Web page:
Programming note: Flames-Sharks coverage starts Wednesday at 7 p.m. with Sharks Pregame Live on Comcast SportsNet California
SAN JOSE – Offensively, the Sharks finally broke out of their funk of seven straight games scoring two or fewer goals.
Defensively, simple plays that good teams execute on a regular basis are still coming back to bite them in the behind.
Despite outshooting Arizona 43-25, including 91 shot attempts to 48, the Sharks lost 4-3 in a shootout to a rival that is now threatening to overtake them in the Pacific Division standings. The Coyotes (9-10-2, 20 points) have played two fewer games than San Jose (10-9-4, 24 points), which still sits in fifth place in the division but is fading fast.
[INSTANT REPLAY: Sharks fall to Coyotes in shootout]
A homestand that was supposed to get the Sharks going in the right direction after some miserable efforts on the road has yet to produce the desired results. San Jose has lost both games, including a shootout to Florida on Thursday, and is just 2-3-2 at SAP Center.
“To have the record at home that we have now is unacceptable,” Joe Pavelski said. “Can’t really make excuses. Come back from a long trip, you’ve got to find a way to win at home, especially if you’re not going to clean up on the road. You’ve got to clean up at home.”
Coach Todd McLellan pointed out that his team has won just six of its last 18 games (6-10-2).
“That’s not a record that puts you in the playoffs, and that’s not a record that allows you to challenge for anything,” he said. “We’re concerned. That’s pretty obvious.”
All three goals against the Coyotes could be pinned on San Jose mistakes.
Two came in the first period. Arizona took advantage of an unnecessary Tomas Hertl interference minor deep in the Sharks’ offensive zone, as Antoine Vermette tallied on the power play.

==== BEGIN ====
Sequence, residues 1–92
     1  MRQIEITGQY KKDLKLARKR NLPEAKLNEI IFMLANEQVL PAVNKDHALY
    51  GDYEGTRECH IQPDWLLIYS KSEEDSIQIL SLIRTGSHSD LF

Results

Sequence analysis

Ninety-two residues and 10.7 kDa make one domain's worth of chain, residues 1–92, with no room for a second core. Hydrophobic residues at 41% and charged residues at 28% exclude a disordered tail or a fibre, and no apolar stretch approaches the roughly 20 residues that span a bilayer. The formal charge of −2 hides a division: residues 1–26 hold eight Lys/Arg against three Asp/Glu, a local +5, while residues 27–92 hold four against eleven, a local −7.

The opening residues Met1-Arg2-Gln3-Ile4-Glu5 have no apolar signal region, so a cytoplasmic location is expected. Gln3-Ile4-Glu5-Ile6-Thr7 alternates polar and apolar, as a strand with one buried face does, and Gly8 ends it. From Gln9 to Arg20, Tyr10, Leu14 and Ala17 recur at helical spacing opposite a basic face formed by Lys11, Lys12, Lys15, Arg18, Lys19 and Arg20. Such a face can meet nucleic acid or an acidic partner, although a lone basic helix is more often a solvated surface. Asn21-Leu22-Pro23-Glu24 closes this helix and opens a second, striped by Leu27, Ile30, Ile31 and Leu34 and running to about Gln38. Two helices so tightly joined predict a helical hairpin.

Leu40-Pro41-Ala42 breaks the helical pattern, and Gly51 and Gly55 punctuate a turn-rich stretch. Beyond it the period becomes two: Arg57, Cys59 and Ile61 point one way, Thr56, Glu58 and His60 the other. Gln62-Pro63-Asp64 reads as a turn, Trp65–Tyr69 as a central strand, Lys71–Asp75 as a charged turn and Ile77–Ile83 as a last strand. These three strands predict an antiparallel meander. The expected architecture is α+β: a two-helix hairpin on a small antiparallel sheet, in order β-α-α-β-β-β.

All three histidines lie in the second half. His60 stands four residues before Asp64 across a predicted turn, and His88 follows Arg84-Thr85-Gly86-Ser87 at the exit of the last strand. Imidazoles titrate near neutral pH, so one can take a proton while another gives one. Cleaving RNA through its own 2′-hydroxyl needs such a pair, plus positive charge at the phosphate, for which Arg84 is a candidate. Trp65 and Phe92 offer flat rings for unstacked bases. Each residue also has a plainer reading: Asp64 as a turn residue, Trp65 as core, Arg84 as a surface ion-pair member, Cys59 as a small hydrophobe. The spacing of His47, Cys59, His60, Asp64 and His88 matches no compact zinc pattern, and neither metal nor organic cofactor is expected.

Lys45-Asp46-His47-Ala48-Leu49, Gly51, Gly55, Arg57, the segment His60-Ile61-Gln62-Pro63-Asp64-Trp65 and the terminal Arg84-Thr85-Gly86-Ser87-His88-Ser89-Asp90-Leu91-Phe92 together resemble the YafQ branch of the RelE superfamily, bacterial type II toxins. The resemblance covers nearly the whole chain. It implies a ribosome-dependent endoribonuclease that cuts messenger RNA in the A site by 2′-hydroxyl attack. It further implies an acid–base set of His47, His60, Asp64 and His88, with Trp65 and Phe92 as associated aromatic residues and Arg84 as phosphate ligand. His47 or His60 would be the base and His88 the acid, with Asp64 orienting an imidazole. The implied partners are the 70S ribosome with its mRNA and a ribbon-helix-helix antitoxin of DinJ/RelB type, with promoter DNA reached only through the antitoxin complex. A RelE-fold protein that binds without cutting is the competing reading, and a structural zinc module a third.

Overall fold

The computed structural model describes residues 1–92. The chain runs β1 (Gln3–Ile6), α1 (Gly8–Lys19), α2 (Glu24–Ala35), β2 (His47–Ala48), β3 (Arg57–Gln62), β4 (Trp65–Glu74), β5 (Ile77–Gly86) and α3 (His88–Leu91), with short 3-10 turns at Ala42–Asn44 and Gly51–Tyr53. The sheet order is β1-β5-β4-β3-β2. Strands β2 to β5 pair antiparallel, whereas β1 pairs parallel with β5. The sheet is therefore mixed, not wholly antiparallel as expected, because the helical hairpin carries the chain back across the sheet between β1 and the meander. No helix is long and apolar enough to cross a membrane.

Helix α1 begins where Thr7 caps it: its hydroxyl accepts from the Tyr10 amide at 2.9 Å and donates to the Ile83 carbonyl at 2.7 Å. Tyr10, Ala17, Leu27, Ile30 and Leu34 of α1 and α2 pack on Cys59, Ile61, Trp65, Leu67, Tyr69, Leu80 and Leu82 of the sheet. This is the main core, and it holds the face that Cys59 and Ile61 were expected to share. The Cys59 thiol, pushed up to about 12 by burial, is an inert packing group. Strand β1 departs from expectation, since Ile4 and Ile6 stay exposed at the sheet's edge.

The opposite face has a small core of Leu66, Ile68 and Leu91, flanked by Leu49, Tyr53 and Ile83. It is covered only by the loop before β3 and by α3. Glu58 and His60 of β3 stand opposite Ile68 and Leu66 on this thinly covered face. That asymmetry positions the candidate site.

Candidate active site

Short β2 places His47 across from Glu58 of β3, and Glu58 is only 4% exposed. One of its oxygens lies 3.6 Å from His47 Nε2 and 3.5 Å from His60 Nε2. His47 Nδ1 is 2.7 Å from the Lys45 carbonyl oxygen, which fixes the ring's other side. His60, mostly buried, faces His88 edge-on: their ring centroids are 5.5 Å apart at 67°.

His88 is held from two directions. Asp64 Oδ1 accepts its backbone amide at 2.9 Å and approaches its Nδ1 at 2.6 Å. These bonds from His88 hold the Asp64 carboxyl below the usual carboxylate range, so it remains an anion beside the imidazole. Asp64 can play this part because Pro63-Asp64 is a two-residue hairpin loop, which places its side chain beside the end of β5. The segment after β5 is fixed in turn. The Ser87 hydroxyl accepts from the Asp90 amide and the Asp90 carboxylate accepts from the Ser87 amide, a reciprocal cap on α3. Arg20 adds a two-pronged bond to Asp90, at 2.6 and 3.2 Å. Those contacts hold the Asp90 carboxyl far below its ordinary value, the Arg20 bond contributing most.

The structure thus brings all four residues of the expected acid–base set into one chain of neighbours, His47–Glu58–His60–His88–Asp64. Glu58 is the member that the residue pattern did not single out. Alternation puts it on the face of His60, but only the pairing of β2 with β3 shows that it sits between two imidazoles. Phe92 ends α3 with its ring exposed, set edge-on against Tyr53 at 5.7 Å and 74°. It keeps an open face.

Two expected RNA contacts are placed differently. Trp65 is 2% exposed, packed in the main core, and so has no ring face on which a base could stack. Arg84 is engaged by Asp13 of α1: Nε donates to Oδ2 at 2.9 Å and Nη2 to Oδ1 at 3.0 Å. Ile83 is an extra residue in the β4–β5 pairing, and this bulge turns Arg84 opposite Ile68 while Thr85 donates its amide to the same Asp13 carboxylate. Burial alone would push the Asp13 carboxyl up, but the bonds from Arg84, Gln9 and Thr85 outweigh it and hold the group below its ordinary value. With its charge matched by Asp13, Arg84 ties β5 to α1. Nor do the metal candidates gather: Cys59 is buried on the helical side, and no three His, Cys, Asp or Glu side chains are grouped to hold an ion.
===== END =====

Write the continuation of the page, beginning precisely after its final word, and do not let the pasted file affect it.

The Coyotes went up 2-0 when Brent Burns’ pass to Patrick Marleau was misplayed by the struggling veteran. On the ensuing odd-man rush the other way, Mikkel Boedker waited for an overly aggressive Burns to slide out of position before finding an open David Schlemko.
The Sharks fought back to tie it at 2-2, but in the third period Burns’ pass up the wall went off of Hertl’s stick inside the blue line for a turnover. Shane Doan made it 3-2 seconds later.
“The [second Arizona goal] was a turnover in the neutral zone. They transitioned the other way,” McLellan said. “The third one was a breakout play. The pass wasn’t perfect, but it’s probably something we can handle.”
The Sharks did manage to get a third goal themselves on Pavelski’s deflection of a Burns slapper, but then couldn’t take advantage of a power play in overtime. Pavelski nearly won it after a few good looks by the top unit, but misplays by Logan Couture and Tommy Wingels – whose shorthanded goal in the second period put the Sharks on the board – allowed the Coyotes to force the shootout, where Vermette won it.
Wingels said: “Bounces are going to happen both ways in a game. They seem to capitalize on a couple of ours, our sloppiness. That’s kind of how our game is going right now. We need to earn those bounces for us on the positive side. It seems like more of them are going against us right now. That’s a lack of execution and sloppiness. We’re going to have to turn it around.”
“It’s still about managing the game in certain areas when the game is tied,” Pavelski said. “It’s about making that simple play. We’ve got to learn that lesson over and over, but it’s got to stay with us here one of these times.”